To fight means to combat the bourgeois and petty-bourgeois falsifications circulated in the university, which propagate the inevitability of class divisions and prevent the formation of a unified and revolutionary camp of the people. To combat these effectively, we have to study and arm ourselves with a scientific understanding of society that comes from the revolutionary practice of the proletariat and the people.

To fight means to integrate with the class struggle in workplaces and neighborhoods: on picket lines, in demonstrations, and everywhere working people are fighting unemployment, police terror, and deprivation. Students must promote and teach other students about these struggles, organize solidarity with deeds, and learn from working people in the class struggle.

On the university in imperialist society today

The history of the university in US society during the imperialist stage of capitalism can be divided into three periods: from 1890 through the Second World War, from the end of the Second World War until 1980, and from 1980 until the present.

The first period from 1890 through the Second World War: The development of US imperialism in this period determined the rise of the big research university and the tremendous growth of public sector higher education supported by state governments. The development of productive forces, as well as the political necessities of global hegemony, required a new class of intellectuals, bureaucrats, and skilled workers. The modern student movement was also born at this time with groups like the National Student League, which initially formed around demands for freedom of speech and eventually joined in solidarity with labor struggles.

The second period from the end of the Second World War until 1980: This so-called ‘golden age’ of higher education saw the rise of the university as an integral component of the post-WWII welfare state in the service of US imperialism. For the bourgeoisie, the model student of this period was the patriotic (i.e. anti-communist) American citizen, who served to concretize the bonds between the bourgeois state, specifically the military, and the university. However, this period had a progressive aspect as well. Access to higher education expanded on an unprecedented scale to the children of the petty bourgeoisie and the working class, with university enrollment increasing by more than 400% nationwide. This period also saw concrete gains on the basis of militant student struggle. For example, in New York, mass struggles led by black and Puerto Rican students for the integration of the tuition-free city university system on the implementation of open admissions at CUNY.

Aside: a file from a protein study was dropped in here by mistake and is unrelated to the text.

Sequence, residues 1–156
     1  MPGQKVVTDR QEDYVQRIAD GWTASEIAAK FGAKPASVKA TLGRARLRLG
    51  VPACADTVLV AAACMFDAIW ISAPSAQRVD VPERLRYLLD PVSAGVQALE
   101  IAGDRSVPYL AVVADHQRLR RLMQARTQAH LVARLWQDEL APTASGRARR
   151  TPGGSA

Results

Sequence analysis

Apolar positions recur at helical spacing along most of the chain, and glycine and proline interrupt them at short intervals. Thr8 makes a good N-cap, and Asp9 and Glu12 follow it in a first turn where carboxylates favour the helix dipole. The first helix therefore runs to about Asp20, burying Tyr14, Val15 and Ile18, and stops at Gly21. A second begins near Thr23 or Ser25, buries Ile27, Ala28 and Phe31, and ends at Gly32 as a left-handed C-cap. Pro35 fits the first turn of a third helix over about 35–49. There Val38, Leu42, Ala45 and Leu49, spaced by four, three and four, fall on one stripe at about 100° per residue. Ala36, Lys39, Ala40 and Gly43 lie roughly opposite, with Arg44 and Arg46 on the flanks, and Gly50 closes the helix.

The third period from 1980 until the present: This period has seen a four-decade long process of privatization of public universities, corresponding to a prolonged crisis of profitability for the ruling class. Privatization has decimated the country’s system of public education, and restricted college degrees to those who can afford them. State funding for public higher education began to decline around 1980. Student debt exploded as tuition became the main source of revenue for most universities by 2017. The process of privatization was accelerated and intensified by the economic crisis of 2007-09. At CUNY, the victories won by students in the areas of open admission and remedial education have been systematically wiped out. Higher education has increasingly become a commodity, and the bourgeoisie’s ideal student is the individualist consumer, driven exclusively by careerism and self-interest.

We construct our student program on the basis of this history. Through organization and mass work, we aim to rebuild and give direction to the collectivist aspirations of youth. The main tasks facing students today are the defense of the public university against privatization and the continuation of the fight for free and public higher education for the whole people.